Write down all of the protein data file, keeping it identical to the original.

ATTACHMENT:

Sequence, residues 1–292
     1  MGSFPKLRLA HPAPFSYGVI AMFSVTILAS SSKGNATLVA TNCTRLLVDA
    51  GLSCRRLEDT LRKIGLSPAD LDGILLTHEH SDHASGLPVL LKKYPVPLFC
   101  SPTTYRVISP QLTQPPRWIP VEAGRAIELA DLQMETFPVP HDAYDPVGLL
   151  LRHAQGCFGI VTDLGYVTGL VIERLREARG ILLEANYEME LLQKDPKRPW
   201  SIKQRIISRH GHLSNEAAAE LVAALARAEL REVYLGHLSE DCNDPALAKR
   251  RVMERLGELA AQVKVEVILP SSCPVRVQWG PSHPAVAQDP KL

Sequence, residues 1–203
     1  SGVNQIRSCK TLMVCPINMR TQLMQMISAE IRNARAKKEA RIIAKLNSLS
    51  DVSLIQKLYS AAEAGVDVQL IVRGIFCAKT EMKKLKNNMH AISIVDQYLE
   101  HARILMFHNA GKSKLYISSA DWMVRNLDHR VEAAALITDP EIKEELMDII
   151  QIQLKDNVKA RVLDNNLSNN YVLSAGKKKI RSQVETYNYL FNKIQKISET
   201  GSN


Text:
Sequence, residues 1–292
     1  MGSFPKLRLA HPAPFSYGVI AMFSVTILAS SSKGNATLVA TNCTRLLVDA
    51  GLSCRRLEDT LRKIGLSPAD LDGILLTHEH SDHASGLPVL LKKYPVPLFC
   101  SPTTYRVISP QLTQPPRWIP VEAGRAIELA DLQMETFPVP HDAYDPVGLL
   151  LRHAQGCFGI VTDLGYVTGL VIERLREARG ILLEANYEME LLQKDPKRPW
   201  SIKQRIISRH GHLSNEAAAE LVAALARAEL REVYLGHLSE DCNDPALAKR
   251  RVMERLGELA AQVKVEVILP SSCPVRVQWG PSHPAVAQDP KL

Sequence, residues 1–203
     1  SGVNQIRSCK TLMVCPINMR TQLMQMISAE IRNARAKKEA RIIAKLNSLS
    51  DVSLIQKLYS AAEAGVDVQL IVRGIFCAKT EMKKLKNNMH AISIVDQYLE
   101  HARILMFHNA GKSKLYISSA DWMVRNLDHR VEAAALITDP EIKEELMDII
   151  QIQLKDNVKA RVLDNNLSNN YVLSAGKKKI RSQVETYNYL FNKIQKISET
   201  GSN